Unit 3: Troubleshooting in Digital Radiography


Margaret Ewart I Margaret's Portfolio I ETAP 623 Fall 2012

Target Objectives

At the conclusion of this unit, learners should be able to:

  • Identify the primary considerations of quality assurance in digital radiography.
  • Identify characteristics that affect image quality.
  • Identify common artifacts associated with digital radiography.

Quality Assurance in Digital Radiography

Although the world of radiology has been markedly advanced by the evolvement of digital imaging, the need for quality assurance is still very important in the day-to-day operations of a medical imaging department. Testing the performance of the digital imaging equipment is important not only to meet state and national standards, but to ensure a high quality image. Policy and procedures are implemented to guarantee criteria such as:

  • Ensure that patients are exposed to minimum radiation using the ALARA (as low as reasonable achievable) philosophy.
  • Produce optimum image quality for diagnosis.
  • Reduce the cost of radiology operations.

Reading assignment - Chapter 10 of the Seeram text

Characteristics of Image Quality

Although the technological advances in digital radiography have lead to improved efficiency and patient care, it is important to be aware of the factors that affect image quality. Optimization strategies have been used in digital modalities to reduce signal noise and improve image quality while keeping radiation doses within acceptable limits. Radiologic Technologists in facilities utilizing CR or DR systems should be able to recognize opportunities with digital systems to reduce radiation exposure while reducing image noise and improving overall image quality. The key factors in evaluating for image quality are spatial resolution, noise, and detective quantum efficiency (DQE).

Spatial resolution is controlled by the matrix size and how many pixels can be displayed by the monitor. There is a direct correlation between matrix and pixel size and spatial resolution. As the matrix size increases, the pixel size decreases, and the spatial resolution increase creating a sharper image.

There are two different classifications of noise to be aware of; electronic system noise or quantum mottle noise. Quantum mottle noise is the only image noise that affects image quality and can be controlled by the radiographer. Quantum mottle noise is a result of an inefficient number of photons reaching the imaging plate due to an error in the preset exposure factors (mAs and kVp). This can produce a grainy image that can be easily corrected by adjusting the mAs or kVp, whichever is appropriate for the clinical situation.

The final factor affecting image quality is detective quantum efficiency or DQE. DQE is the measure of the sensitivity and accuracy by which the image receptor converts the incoming data to the output viewing device. The relative value of DQE for various image receptors means that fewer x-rays are required by the higher DQE receptors to produce an image; this translates into lower patient radiation dose. DQE shows that both characteristics of digital image receptors suggest that patient radiation dose should be less with digital imaging than with screen-film imaging.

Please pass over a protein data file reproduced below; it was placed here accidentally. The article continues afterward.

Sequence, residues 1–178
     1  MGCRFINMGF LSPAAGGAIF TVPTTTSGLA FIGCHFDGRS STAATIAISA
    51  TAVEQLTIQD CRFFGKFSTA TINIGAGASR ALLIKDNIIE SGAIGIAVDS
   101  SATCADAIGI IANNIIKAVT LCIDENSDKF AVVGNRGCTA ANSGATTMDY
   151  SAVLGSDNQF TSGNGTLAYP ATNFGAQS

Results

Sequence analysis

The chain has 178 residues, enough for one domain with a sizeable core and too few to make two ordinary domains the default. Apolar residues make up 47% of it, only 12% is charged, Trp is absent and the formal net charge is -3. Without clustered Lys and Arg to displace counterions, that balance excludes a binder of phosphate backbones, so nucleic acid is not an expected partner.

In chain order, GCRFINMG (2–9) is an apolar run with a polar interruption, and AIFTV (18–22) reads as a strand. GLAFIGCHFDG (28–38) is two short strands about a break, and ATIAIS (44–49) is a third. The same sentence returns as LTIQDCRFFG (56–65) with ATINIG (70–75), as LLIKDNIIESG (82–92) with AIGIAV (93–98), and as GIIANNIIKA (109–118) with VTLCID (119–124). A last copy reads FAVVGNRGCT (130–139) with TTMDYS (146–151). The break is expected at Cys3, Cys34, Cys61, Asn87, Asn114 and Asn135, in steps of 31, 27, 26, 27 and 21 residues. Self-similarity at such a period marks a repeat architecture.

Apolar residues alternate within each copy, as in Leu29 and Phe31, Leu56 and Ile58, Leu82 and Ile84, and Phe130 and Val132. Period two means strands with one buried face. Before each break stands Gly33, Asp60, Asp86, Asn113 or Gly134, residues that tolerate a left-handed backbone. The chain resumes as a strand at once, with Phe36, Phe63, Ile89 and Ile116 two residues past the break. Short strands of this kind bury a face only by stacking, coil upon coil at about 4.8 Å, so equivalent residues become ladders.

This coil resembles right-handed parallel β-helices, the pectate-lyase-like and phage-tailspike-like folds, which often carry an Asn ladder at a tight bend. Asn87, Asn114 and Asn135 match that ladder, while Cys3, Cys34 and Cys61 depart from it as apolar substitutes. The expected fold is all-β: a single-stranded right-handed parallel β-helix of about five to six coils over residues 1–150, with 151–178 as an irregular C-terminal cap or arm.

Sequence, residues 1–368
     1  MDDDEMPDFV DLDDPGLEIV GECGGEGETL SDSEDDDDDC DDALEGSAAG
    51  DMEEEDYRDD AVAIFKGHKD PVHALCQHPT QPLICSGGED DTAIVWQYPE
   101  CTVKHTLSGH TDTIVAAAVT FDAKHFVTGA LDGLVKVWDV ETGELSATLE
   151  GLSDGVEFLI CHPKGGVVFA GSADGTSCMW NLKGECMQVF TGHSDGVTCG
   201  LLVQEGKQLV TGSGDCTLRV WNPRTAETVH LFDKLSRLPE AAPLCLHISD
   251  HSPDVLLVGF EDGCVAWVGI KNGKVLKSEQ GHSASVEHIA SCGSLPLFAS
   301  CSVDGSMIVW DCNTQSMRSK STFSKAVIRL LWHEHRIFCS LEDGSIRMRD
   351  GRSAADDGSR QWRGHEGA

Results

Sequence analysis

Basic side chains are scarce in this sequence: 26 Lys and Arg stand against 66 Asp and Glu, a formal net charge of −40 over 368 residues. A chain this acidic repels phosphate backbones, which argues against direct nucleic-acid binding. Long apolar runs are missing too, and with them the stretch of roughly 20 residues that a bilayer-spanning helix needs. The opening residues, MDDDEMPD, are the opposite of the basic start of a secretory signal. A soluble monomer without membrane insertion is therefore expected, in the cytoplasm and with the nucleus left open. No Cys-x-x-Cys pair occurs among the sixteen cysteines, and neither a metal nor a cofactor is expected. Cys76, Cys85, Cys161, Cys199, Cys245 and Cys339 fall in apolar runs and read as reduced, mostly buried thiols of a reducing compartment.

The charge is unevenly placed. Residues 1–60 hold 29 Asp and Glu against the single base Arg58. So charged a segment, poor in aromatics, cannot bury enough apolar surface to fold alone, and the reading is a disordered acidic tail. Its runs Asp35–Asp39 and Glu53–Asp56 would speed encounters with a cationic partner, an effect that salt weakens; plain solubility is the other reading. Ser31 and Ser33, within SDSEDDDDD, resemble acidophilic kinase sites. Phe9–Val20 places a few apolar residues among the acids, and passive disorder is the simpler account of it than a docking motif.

Common Artifacts

Just as there were artifacts with film/screen radiography, there are unique artifacts associated with digital radiography systems. These following list touches on key artifacts and can be associated to both equipment and technologist error.

  • Phantom or ghost images - These artifacts are due to an incomplete erasure of the imaging plate. Extreme overexposure of an imaging plate may cause ghost images and may require two primary erasures.

  • Scratches or tears - Scratches or tears are caused by damage to the imaging screen. These artifacts are permanent and cannot be repaired.

  • Light spots- These are usually caused by dust or other foreign material on the imaging plate. Cleaning the imaging plates on a regular basis is a QC process that can be utilized to avoid these types of artifacts. Please see the video below on how to properly clean an imaging plate.
White Line Artifact

  • White line on image - a white line on the image is due to dust on the light guide in the CR reader. Service should be contacted to clean the reader as soon as possible.

  • Dropout artifacts -Dropout is a reduction in image resolution that may be in a specific area or an all over reduction in image quality. Dropout artifacts are usually caused by dust accumulation in the CR reader and can be avoided with regularly scheduled QA and cleaning of the equipment.

  • Fogging - Imaging plates are much more sensitive than regular film/screen cassettes and therefore are easily fogged by background radiation. Imaging plates that have not been used in a 12 hour period should be manually erased using the primary erasure function on the CR reader.

  • Quantum mottle - technical error due to inefficient exposure factors that can be corrected by adjusting mAs or kVp.
Quantum Mottle Artifact

The final exam: Troubleshooting in Digital Radiography Quiz

Answer key: DR quiz answer key

Course Home: Digital Radiology for the Imaging Professional